Health in the Middle of Nowhere, USA

By Margaret Walker – Feinberg School of Medicine and Northwestern Institute for Public Health and Medicine, MD/MPH candidate

As the daughter of a primary care doctor in my small hometown, I learned about rural medicine at the dinner table. I didn’t realize that I was attending lessons on social determinants of health, population health, and the US healthcare system. I just thought I was getting a window into an amazing world in which my mom worked. As I venture deeper into my MD/MPH experience, I am noticing the lack of discussion and knowledge about rural health.

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There are real and distinct differences between small towns and urban areas. Many of which manifest as health disparities. For example, access to care is an issue everywhere, but in rural areas, access isn’t all about wealth. There is an issue of raw distance. In addition, the art of medicine is different in these areas. Family doctors are the “largest single source of physicians in rural areas” as they tend to take care of generations of the same family from birth to death [1]. They act as the pediatrician, internist, gynecologist, obstetrician, geriatric physician, and palliative care specialist. They make house calls as well as take care of acute illness. This means that one needs to travel even further for quality care for a unique issue. 

screen-shot-2017-01-02-at-6-05-56-pmAs Northwestern continues to expand (see image for locations) by acquiring hospitals and doctors, they will need to consider their broader and changing community. This institution cares about addressing health disparities and working to improve health within the Chicago area. However, Northwestern is also in the business of training leaders. Future medical and public health leaders need to realize that 20% of this country lives in a rural area but around 10% of physicians work in rural areas. In addition, rural public health departments face greater expectations and lower resources due to their small size [2]. Policies that are made with the best of intentions may work well in an urban area, with ample doctors and public health programs, but will be unrealistic in other communities. Even doctors working at large tertiary hospitals, like Northwestern Memorial Hospital in downtown Chicago, will come into contact with rural patients. Rural citizens will travel from far away to Chicago for their specialized care. These patient’s priorities and their access to resources after care will likely be different from an average urban or suburban citizen. It is important that both medical and public health students receive education on the public health differences in rural areas regardless of where they work after graduation.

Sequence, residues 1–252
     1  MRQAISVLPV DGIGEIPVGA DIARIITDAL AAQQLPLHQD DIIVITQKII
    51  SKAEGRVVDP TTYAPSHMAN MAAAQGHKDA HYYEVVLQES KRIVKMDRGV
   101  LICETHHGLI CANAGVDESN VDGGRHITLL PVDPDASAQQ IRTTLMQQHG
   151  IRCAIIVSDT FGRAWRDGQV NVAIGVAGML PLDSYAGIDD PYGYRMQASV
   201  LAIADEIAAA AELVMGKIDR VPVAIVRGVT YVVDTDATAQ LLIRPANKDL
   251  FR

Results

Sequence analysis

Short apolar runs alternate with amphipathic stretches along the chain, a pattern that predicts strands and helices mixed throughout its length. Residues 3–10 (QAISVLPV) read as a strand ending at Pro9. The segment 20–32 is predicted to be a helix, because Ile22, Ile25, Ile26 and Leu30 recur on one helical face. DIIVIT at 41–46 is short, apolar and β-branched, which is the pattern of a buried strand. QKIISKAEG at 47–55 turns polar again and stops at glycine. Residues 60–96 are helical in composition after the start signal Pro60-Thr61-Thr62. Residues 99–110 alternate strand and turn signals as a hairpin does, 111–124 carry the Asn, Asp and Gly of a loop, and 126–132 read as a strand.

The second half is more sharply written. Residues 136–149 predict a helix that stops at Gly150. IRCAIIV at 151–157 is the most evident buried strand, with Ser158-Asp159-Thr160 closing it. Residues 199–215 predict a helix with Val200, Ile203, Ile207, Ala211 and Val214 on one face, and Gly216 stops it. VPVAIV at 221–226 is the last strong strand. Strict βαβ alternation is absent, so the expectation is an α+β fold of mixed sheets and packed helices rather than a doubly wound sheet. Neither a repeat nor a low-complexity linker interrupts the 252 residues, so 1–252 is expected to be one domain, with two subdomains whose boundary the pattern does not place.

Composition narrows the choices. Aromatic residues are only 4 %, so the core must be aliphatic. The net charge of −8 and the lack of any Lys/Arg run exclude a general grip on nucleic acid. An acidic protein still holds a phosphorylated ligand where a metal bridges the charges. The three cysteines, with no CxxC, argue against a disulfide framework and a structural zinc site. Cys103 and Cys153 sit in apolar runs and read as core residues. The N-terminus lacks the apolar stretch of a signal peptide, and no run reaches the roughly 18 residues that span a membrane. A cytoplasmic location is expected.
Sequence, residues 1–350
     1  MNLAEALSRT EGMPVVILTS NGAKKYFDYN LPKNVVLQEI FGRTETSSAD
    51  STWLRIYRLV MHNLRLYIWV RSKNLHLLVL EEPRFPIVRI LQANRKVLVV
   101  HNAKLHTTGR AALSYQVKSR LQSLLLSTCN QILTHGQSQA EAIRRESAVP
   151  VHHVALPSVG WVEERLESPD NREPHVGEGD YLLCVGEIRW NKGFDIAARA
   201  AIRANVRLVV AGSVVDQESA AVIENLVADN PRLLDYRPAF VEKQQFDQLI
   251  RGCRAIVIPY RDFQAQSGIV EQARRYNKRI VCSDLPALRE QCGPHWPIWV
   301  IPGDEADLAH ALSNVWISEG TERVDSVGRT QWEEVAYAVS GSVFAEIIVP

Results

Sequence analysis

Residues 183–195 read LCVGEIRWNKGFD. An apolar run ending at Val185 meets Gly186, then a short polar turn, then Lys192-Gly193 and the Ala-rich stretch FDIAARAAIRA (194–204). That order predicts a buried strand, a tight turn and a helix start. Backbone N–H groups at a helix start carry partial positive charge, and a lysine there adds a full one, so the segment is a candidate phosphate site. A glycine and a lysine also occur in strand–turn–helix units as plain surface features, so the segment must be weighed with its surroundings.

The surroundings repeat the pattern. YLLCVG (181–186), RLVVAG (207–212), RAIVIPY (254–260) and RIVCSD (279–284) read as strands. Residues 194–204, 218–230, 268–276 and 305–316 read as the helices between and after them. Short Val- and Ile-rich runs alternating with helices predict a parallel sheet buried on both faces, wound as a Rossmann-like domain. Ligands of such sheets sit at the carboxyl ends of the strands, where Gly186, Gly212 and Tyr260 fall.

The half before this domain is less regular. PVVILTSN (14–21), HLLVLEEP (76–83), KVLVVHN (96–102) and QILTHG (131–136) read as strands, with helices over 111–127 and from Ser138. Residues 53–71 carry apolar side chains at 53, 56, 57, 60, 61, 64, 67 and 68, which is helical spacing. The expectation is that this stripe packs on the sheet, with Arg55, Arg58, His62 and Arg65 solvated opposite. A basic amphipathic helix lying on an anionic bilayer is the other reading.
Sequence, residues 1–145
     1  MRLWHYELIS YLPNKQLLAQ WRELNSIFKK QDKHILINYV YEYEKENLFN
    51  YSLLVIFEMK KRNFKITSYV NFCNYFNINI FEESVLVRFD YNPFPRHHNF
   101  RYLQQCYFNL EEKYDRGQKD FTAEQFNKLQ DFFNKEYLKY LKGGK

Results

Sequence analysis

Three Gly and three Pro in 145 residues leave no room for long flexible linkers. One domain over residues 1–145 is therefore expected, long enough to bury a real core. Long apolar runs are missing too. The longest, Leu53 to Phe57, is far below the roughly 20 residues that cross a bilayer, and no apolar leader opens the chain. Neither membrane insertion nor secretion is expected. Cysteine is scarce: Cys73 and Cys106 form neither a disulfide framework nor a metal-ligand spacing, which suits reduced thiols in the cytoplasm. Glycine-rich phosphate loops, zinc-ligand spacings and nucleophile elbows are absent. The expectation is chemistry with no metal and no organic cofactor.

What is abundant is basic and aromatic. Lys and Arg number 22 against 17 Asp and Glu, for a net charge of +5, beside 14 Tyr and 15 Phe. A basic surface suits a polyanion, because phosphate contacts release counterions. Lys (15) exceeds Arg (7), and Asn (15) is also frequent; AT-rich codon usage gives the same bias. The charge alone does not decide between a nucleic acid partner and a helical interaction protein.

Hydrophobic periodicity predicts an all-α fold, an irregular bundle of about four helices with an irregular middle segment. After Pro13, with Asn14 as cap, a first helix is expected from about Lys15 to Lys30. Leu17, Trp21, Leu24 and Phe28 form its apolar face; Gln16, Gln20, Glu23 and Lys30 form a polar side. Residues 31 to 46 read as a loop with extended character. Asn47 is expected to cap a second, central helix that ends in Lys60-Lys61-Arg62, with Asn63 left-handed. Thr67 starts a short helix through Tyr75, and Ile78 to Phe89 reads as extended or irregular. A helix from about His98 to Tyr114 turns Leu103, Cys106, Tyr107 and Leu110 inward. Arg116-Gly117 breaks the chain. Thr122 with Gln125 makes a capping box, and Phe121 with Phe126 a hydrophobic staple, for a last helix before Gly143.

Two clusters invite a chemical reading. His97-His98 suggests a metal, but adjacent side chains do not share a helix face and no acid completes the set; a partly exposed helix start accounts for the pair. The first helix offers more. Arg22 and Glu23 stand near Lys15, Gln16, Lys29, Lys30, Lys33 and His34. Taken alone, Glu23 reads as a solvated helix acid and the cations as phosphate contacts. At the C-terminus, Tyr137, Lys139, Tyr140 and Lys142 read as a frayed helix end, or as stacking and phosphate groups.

Many of my professors and classmates did not grow up or work in rural areas. However, these are the current and future leaders of medicine and the ones with the political and economic power to influence change in this country. We must be willing to address health disparities of underserved populations, rural and urban, as well as be willing to develop policies and care delivery models that will work for all.

Photo by Markus Spiske via Pexels: Creative Commons

[1] Rosenblatt RA, Hart LG. Physicians and rural America. Western Journal of Medicine. 2000;173(5):348-351.

[2] Rosenblatt, Roger A., Susan Casey, and Mary Richardson. “Rural–urban differences in the public health workforce: local health departments in 3 rural western states.” American journal of public health 92.7 (2002): 1102-1105.

Extra source for demographic information: http://www.aafp.org/about/policies/all/rural-practice-paper.html

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About NPHR Blog (223 Articles)
The is the blog of the Northwestern Public Health Review journal. The blog and journal are both student run and contain research articles, opinions, interviews and other content pertaining to public health.

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